It seems paradigmatic that the magic of wine would reside in the solitude of its one ingredient—the grape. Something that has existed for thousands of years takes on exciting, cultural, and sensory facets. And it is always different, depending on the vintage.
Perhaps it is the very diversity of each variety's organoleptic profile that maintains our passion and fuels our curiosity. Or perhaps it is the unpredictable nature of inclement weather, which hangs over every harvest like the sword of Damocles for those who measure the passage of time in vintages.
The vintage: bottled time
Both ageworthy wines crafted over several years and young ones made in just a few months depend on a good year, climatically speaking. Maturity and youth may express themselves differently, but they both tell us about the vintage, a bit of bottled time. It is a captured moment that lives on; an expression of the earth and weather during a specific and unique period of time.
Although all varieties can be oak aged to a greater or lesser degree and may benefit from the reductive process of bottle aging, maturity does not favor them all equally. Some do better without accessories so they can reveal their unembellished personality and identity. The essence of these varieties resides in their freshness, their frugal aromatic profile, and their backbone of crisp acidity.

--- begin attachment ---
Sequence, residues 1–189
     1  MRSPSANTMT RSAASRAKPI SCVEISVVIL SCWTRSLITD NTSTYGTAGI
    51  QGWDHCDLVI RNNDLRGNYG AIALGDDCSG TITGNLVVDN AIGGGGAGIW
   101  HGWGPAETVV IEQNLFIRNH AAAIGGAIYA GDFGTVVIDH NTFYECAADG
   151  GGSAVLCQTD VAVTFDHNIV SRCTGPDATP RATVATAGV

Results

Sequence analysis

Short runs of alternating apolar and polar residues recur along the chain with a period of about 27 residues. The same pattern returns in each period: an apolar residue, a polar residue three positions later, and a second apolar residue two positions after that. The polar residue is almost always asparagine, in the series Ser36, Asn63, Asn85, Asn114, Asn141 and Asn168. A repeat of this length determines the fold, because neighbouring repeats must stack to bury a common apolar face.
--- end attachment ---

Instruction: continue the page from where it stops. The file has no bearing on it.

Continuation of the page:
Creamy leek and potato soup with cod confit and ham, paired with Camino de Magarín at Masía Mas Rabell Restaurant
The Verdejo of Camino de Magarín (DO Rueda) grows in pebbly soils irrigated by the Duero River and shows us the path toward simplicity, baring its green apple soul in a vision of brilliant, limpid gold.
It is a metaphor of sorts that brings to mind something Picasso once said: “I needed a lifetime to learn how to paint like a child.” When the variety speaks for itself, less is more.
The winemaker's intention
Recognizing the potential of Chardonnay in the organoleptic complexity of Milmanda; understanding what the variety has to offer in its youthful and mature incarnations, and how to master varietal entropy until a noticeable body emerges: this is the experience, the echoes, of a legacy that is born of the earth and matures in the winery.
Tomatoes from the Maresme coast with thinly sliced cod find their match in Milmanda. A suggested food and wine pairing from La Vinoteca Torres.
The passage of time is part of the charm of Milmanda (DO Conca de Barberà), transforming a permanent image—the vintage—into a new canvas where the winemaker adds finishing touches in oak and glass.
When deciding how long to age a wine, listen to the earth: nature speaks to us.